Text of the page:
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Re: [xmca] Help? - Microgenesis, Microgenetic, Microgeny?

David, as you know, I take Vygotsky as a Marxist-Hegelian. I would go so far as to say that he is the most important interpreter of Hegel of his time (i.e., including Lukacs). My observation that he never read Hegel is simply an empirical one. If those annotations on the Pheneomenology do eventually turn up in the family archives I will happily concede. I know that you were around a different Trotskyist group than I was in those days, David, but in my group we ALL read Lenin's Philosophical Notebooks, asiduously, and could quote chapter and verse from them. We also all read Dialectics of Nature and Anti-Duhring, all the books Vyvgotky cites. I am the only member of that group apart from a handful of "designated Party intellectuals" (the Deborins of our group) who actually read the Science of Logic. I kept this fact secret at the time because I knew that if it became known that I was reading Hegel (rather than Lenin's annotations) I would be regarded as "dangerous". All the passages Vygotsky cites barring one or two I immediately recognise from one of the books by Lenin, Marx or Engels. Mao is the same. "On Practice" for example, never cites Hegel directly, but repeatedly cites Lenin citing Hegel. Lenin, PLekhanov, Deborin, Lukacs, Lewin all read Hegel. No doubt. There was no shortage of Russian Hegelians for Vygotsky to learn off.

It is nothing to do with Vygotsky's Hegel credentials, which are impeccable. I find it an interesting historical fact, that's all. Also, Lenin read the History of Philosophy, the Shorter and Larger Logic by Hegel and annotations of his reading were published in Russian in Vygotsky's day. But Lenin never left any annotations on the Phenomenology. Unsurprising to me. Kojeve was only 13 and Sartre was only 10, when Lenin was reading Hegel. There were Russian translations of the PhG available in Vygotsky's day, and I think people like Shpet probably were reading it, but not the Marxists.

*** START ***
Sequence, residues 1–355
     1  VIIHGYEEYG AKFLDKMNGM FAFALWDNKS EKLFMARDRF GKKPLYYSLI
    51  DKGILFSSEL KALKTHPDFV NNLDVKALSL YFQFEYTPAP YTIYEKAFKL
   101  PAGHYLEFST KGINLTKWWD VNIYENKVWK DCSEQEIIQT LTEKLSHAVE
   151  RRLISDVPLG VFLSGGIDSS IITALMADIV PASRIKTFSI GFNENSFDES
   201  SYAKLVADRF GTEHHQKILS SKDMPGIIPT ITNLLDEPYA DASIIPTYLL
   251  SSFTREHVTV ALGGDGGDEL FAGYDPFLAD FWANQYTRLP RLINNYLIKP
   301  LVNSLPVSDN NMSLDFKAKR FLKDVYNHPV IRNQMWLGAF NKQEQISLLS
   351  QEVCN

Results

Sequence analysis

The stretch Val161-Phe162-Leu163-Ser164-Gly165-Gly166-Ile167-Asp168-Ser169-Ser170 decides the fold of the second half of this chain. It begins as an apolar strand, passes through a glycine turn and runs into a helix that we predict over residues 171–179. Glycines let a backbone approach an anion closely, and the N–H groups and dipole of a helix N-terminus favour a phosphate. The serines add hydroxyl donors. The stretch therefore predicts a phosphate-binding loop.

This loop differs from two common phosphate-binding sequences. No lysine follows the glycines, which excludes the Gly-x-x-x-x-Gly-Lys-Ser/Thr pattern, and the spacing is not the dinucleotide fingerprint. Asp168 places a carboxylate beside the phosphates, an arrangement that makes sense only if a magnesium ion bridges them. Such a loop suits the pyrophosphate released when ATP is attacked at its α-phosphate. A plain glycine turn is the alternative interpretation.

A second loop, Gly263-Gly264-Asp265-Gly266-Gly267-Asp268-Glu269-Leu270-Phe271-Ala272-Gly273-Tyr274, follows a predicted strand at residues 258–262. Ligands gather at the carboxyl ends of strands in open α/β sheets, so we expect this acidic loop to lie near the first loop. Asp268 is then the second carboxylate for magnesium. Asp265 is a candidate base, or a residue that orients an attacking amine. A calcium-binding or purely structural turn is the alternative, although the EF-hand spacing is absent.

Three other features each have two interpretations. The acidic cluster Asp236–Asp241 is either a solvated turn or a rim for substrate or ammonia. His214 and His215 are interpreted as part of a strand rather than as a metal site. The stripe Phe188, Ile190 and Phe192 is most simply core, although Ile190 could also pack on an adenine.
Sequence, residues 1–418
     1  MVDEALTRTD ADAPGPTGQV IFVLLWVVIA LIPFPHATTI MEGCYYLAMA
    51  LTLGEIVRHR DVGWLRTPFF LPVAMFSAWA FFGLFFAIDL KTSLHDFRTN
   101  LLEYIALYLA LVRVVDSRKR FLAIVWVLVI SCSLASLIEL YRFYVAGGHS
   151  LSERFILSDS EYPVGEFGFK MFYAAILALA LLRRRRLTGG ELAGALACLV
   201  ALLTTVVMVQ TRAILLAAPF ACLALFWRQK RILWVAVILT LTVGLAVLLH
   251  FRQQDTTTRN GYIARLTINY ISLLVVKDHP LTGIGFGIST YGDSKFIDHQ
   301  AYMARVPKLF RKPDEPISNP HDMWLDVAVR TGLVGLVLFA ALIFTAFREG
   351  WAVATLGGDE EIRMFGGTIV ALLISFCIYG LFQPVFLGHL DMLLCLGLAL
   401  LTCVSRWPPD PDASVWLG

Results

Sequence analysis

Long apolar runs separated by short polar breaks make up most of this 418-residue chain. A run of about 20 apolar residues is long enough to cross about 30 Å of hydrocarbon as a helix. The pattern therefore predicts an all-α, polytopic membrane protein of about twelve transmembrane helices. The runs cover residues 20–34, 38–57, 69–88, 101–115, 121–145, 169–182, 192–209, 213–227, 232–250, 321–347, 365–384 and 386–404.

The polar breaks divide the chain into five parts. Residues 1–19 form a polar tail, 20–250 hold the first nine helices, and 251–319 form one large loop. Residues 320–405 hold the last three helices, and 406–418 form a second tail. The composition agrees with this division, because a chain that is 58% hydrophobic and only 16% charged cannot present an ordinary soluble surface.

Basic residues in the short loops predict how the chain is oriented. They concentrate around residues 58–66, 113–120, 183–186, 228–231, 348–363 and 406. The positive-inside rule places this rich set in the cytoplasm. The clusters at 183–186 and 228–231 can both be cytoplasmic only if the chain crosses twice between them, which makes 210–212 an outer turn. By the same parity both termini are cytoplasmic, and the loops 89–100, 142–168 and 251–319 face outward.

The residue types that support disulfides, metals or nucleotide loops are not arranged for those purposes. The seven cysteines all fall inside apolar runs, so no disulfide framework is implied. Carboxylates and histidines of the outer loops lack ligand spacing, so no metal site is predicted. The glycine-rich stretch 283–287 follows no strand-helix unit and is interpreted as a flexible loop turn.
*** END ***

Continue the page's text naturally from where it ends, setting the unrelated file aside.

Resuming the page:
But I quite open to being persuaded otherwise, this is not a matter of principle for me. The only matter of principle is the use of evidence in historiography.


kellogg wrote:

b) Andy insists that Vygotsky never read Hegel. Why would he not read Hegel? Almost everybody else in his generation did (Spet, Volosinov, Mevedev, even Bakhtin who hardly ever read anything). To me, the way Vygotsky re-interpreted the Ach experiments is simply a working out of the categories we find in the Logic on the basis of Sakharov's data.

Vygotsky was fully literate in German from his mother. We know that in Thinking and Speech Chapter Two he is reading Lenin's Philosophical Notebooks, in whch Lenin remarks that one cannot understand the first volume of Capital without reading the whole of Hegel's "Logic". The Philosophical Notebooks are, largely, Lenin's marginal notes to Hegel's Logic. We know that Vygotsky wanted to understand and assimilate the whole of Marx's method in Capital. Why would Vygotsky read the marginal notes and not the actual Logic? (See also Vygotsky's discussion of ways of translating Hegel iinto Russian on p. 81 of Vol. 4, Andy!)

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